Matthew Lynn of Market Watch says that there is simply no way to know in advance whether the contagion from a Greek exit can be contained rather than spreading to other countries. As he explains, the EU can continue trying to build financial fire walls, the IMF can remain on stand-by ready to inject liquidity, and other reassuring steps can be taken.
But because it has never been tried before, there is no way to know in advance how a “Grexit” (Greek exit) would play out. There is a very real risk that money would flow out of any EU country seen at risk from Ireland to Portugal, Spain, and Italy. And the list could grow. That would raise the prospects of an EU-wide bank run, and a global recession or even depression, as the impact makes its way through the global financial system.
Already last week Spanish banks came under severe pressure because of withdrawals of customer accounts in anticipation of a Greek exit from the euro.
Given those incredibly high stakes, Mr. Lynn believes that in the end Germany and the EU will decide on a huge bailout of Greece, a kind of Marshall Plan for the troubled Mediterranean country that may only buy time in the end. But at least it would give the country some breathing space. Besides, as Mr. Lynn points out, so far EU bail-out funds have not reached the Greek people. They have only gone to bankers.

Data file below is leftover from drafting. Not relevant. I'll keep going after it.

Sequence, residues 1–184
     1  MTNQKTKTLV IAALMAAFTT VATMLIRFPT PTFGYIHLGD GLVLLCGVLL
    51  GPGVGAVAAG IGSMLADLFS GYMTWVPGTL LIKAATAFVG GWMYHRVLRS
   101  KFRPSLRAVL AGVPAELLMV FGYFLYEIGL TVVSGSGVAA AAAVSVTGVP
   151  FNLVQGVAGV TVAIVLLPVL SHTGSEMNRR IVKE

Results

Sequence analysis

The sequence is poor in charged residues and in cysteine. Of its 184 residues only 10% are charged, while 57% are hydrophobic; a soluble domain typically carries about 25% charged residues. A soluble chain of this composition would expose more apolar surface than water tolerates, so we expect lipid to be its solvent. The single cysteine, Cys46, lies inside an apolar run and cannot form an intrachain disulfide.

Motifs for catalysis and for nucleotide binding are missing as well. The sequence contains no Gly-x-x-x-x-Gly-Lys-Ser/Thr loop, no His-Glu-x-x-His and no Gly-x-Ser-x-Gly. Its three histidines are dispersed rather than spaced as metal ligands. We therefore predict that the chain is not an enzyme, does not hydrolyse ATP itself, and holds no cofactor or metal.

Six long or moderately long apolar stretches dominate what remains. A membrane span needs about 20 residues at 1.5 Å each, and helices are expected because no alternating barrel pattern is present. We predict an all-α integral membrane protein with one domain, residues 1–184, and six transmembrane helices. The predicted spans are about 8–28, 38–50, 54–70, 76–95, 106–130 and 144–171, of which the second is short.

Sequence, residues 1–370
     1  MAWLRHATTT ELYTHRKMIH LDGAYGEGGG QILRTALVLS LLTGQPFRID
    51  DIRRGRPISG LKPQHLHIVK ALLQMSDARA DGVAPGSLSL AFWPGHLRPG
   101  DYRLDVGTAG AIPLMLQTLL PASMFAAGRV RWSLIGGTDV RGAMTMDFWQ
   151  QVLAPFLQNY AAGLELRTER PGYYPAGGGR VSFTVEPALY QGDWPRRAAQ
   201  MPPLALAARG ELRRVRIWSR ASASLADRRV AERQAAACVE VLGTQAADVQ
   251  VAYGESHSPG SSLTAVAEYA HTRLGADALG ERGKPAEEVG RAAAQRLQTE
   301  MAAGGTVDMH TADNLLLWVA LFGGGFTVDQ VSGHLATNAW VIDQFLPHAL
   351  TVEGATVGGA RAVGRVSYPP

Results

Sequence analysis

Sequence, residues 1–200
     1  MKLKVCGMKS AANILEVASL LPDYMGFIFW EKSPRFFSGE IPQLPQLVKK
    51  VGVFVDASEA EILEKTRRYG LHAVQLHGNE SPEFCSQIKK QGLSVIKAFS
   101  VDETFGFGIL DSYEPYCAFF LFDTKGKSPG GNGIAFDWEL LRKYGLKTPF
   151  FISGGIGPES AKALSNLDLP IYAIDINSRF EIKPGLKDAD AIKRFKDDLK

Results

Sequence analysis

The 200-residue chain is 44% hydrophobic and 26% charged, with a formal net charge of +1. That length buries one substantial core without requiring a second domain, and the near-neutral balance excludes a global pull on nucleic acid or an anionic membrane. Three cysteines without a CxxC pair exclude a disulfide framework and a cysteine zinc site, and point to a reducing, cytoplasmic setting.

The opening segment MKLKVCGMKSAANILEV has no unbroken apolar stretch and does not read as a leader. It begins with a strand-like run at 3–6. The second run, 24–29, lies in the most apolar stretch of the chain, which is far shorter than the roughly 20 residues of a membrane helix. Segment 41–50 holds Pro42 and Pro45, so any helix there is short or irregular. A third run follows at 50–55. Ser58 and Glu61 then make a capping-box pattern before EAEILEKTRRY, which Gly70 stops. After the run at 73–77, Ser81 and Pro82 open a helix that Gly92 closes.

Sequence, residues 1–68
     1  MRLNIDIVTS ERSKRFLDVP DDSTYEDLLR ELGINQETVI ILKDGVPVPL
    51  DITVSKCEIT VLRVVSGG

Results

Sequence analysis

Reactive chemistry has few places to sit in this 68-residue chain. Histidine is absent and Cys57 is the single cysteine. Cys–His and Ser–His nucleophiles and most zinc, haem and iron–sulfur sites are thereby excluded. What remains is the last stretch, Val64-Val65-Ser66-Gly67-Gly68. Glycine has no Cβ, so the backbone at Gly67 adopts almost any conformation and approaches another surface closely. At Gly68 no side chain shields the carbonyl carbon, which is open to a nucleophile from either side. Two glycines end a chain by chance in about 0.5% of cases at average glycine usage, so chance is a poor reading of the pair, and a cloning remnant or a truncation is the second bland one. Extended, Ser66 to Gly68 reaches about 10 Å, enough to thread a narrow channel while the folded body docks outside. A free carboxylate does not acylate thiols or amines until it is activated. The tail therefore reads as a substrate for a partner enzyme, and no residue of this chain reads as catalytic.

Louis Golino is a coin collector and numismatic writer, whose articles on coins have appeared in Coin World, Numismatic News, and a number of different coin web sites. His column for CoinWeek, “The Coin Analyst,” covers U.S. and world coins and precious metals. He collects U.S. and European coins and is a member of the ANA, PCGS, NGC, and CAC. He has also worked for the U.S. Library of Congress and has been a syndicated columnist and news analyst on international affairs for a wide variety of newspapers and web sites.